WA Communications was delighted to welcome Peter Campbell, motor industry correspondent at the Financial Times, for a breakfast roundtable discussion on the theme of electric vehicles this week. Peter joined us with a select group of industry leaders from the automobile, energy and EV charging industries to discuss the global outlook for EVs and the barriers to growth in the UK. We have reflected on a few of the key insights from the discussion.

 

The global picture for EVs remains patchy but we should look east for emerging solutions. China is the undisputed dominant force and is driving a lot of growth, with over 300 new businesses developing EV solutions, and the government taking an activist approach to encouraging investment in the industry. That enthusiasm is not being fully replicated by either the US, or Japan. In the US for primarily geographical and political reasons, while Japan continues to make a concerted push for hydrogen, instead of electric, vehicles.

 

The UK is not a hot-spot for the global EV manufacturing industry with a key obstacle being the lack of an internationally competitive battery manufacturing base. Batteries remain the one component manufacturers are unwilling to ship over long distances due to their weight. Brexit is also having an impact on the whole UK car manufacturing industry, including EVs. While Japanese vehicle manufacturers have made positive investments in the post-Brexit Britain, no major investment for EV production in the UK has been made or promised. With no clarity on UK-EU customs arrangements, nerves remain about the viability of the UK’s manufacturing and supply chain access.

 

Customers are yet to be won over and this remains a barrier for the industry. It is telling that, for all the market and media hype, most EV sales continue to be subsidy and policy-driven, with dramatic drops in EV purchases experienced in jurisdictions that have removed subsidies. The tipping point will come when consumers start considering purchasing electric cars because they see them as better cars, not because they want to save the planet.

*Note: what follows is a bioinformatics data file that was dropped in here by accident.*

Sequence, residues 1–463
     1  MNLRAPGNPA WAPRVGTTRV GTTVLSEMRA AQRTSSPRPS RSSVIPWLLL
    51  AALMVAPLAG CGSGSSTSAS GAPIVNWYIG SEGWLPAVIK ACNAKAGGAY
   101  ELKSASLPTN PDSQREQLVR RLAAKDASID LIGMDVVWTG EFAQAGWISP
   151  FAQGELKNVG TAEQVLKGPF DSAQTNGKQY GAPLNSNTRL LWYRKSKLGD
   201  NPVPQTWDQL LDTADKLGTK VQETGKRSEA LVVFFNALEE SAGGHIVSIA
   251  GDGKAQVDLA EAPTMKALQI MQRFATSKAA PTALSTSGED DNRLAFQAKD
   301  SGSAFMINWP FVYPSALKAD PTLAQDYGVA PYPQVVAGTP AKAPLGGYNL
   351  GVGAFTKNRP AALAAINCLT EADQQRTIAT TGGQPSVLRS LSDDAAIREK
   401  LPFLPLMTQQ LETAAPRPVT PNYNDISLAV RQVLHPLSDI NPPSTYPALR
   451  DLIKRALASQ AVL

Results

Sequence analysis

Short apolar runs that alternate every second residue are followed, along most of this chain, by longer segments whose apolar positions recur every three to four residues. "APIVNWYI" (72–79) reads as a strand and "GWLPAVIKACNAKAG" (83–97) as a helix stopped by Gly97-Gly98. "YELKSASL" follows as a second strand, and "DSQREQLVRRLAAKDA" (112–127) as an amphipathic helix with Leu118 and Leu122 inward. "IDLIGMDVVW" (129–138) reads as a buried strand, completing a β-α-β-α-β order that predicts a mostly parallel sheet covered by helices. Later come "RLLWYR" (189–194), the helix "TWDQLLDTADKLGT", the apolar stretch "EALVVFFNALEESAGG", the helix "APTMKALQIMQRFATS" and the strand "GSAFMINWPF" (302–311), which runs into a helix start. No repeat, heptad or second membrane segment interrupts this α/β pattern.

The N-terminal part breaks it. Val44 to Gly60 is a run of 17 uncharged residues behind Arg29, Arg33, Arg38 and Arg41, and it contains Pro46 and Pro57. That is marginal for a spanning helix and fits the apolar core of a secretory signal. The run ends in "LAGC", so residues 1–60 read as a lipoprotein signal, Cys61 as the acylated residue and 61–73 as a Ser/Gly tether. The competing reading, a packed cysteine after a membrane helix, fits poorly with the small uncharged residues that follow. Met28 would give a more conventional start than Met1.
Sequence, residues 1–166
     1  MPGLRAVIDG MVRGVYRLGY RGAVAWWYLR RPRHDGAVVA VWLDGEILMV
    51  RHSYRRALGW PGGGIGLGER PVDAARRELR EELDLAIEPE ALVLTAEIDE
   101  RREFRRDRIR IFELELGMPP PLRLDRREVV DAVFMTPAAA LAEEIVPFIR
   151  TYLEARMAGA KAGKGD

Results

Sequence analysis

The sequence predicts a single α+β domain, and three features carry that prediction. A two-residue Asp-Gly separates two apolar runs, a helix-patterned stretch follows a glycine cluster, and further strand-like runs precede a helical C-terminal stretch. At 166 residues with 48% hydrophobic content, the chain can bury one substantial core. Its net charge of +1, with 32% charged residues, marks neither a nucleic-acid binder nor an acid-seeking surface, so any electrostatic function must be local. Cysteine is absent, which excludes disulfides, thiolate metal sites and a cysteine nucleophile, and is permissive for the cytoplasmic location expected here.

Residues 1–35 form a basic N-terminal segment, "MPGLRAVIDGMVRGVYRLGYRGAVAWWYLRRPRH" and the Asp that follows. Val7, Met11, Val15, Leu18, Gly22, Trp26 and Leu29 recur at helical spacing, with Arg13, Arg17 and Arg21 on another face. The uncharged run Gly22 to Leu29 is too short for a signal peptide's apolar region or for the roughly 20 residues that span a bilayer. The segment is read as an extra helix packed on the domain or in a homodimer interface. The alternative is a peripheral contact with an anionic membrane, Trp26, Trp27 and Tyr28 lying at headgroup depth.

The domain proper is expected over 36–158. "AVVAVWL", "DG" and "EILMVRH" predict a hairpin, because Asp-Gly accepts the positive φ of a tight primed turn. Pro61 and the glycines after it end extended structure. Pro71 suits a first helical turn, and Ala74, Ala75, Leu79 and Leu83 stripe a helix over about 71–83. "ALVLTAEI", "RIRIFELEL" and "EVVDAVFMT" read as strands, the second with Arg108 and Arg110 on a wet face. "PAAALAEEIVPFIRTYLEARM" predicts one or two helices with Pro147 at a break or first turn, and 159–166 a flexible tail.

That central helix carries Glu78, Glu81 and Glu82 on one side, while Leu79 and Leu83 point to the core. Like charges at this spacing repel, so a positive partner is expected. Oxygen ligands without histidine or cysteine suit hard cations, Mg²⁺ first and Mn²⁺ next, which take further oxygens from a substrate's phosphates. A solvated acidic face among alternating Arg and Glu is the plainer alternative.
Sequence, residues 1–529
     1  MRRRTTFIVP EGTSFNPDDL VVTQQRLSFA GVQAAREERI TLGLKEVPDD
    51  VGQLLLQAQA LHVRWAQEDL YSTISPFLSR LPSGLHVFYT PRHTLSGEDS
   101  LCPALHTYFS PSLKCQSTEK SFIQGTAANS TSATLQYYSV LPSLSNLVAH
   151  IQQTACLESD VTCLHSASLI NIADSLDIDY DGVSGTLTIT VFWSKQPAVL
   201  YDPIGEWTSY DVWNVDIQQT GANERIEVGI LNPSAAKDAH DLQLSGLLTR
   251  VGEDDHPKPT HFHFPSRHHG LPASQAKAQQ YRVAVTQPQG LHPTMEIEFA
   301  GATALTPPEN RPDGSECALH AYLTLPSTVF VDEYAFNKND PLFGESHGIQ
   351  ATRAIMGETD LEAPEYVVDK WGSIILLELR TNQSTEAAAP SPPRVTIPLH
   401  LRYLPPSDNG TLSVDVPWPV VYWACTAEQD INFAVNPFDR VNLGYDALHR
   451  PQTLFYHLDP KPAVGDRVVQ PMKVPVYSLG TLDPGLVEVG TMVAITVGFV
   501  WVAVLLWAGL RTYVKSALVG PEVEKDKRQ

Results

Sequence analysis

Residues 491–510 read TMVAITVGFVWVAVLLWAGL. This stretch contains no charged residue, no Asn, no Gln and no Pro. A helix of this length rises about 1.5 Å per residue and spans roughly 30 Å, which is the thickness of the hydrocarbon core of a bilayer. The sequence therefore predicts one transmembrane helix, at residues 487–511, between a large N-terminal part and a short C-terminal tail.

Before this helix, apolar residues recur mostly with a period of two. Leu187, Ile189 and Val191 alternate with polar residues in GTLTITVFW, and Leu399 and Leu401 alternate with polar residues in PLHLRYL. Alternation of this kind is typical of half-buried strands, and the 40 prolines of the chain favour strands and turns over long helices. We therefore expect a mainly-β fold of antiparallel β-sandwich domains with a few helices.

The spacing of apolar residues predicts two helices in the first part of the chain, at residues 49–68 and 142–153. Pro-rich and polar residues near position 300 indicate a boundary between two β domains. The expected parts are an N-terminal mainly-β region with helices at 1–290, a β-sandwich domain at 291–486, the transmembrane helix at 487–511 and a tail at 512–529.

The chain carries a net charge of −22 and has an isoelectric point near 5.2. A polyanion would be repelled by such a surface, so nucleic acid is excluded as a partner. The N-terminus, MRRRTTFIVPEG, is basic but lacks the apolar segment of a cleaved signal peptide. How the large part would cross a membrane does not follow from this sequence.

The second key barrier to uptake is charging infrastructure, which in the UK (like elsewhere) is extremely variable, with some areas well served and others not at all. That means local authorities’ behaviour has a major impact on EV uptake, leading to a classic postcode lottery. While local authorities are generally reasonably cooperative, some frustration was expressed about the behaviour of electricity network operators, as their current business models act as a disincentive to the installation of charging points.

 

All can agree that more infrastructure is needed, but the question of who holds responsibility for delivering it is still up for debate. While many commentators are asking the government, both central and local, to install more infrastructure, the private sector has not rested on its laurels and is already delivering charging solutions and is eager to do more.

 

As could perhaps be expected, more questions were raised than answers provided, but two things are clear. Firstly, that the EV industry is maturing fast, and is well equipped to rise to the challenge ahead of it. Secondly that there remains a job to be done to create a coherent policy framework for the industry and its development. We now await the forthcoming publication of the Office for Low Emission Vehicle’s delayed strategy paper with interest.